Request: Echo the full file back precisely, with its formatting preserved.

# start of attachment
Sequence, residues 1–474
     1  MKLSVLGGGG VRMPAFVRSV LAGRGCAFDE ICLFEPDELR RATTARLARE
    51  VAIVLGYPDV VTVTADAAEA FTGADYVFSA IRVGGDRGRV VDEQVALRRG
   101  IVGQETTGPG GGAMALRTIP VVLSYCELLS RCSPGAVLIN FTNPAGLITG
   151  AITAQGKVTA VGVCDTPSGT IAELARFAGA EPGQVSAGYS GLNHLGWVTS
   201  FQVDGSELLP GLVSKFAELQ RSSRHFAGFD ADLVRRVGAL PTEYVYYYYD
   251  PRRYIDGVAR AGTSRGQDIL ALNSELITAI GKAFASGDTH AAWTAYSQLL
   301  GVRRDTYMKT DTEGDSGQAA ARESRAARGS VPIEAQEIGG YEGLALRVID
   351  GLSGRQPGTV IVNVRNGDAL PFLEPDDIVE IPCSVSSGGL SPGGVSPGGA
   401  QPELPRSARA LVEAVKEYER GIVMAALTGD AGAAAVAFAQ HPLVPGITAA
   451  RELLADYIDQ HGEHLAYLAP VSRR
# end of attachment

Sequence, residues 1–474
     1  MKLSVLGGGG VRMPAFVRSV LAGRGCAFDE ICLFEPDELR RATTARLARE
    51  VAIVLGYPDV VTVTADAAEA FTGADYVFSA IRVGGDRGRV VDEQVALRRG
   101  IVGQETTGPG GGAMALRTIP VVLSYCELLS RCSPGAVLIN FTNPAGLITG
   151  AITAQGKVTA VGVCDTPSGT IAELARFAGA EPGQVSAGYS GLNHLGWVTS
   201  FQVDGSELLP GLVSKFAELQ RSSRHFAGFD ADLVRRVGAL PTEYVYYYYD
   251  PRRYIDGVAR AGTSRGQDIL ALNSELITAI GKAFASGDTH AAWTAYSQLL
   301  GVRRDTYMKT DTEGDSGQAA ARESRAARGS VPIEAQEIGG YEGLALRVID
   351  GLSGRQPGTV IVNVRNGDAL PFLEPDDIVE IPCSVSSGGL SPGGVSPGGA
   401  QPELPRSARA LVEAVKEYER GIVMAALTGD AGAAAVAFAQ HPLVPGITAA
   451  RELLADYIDQ HGEHLAYLAP VSRR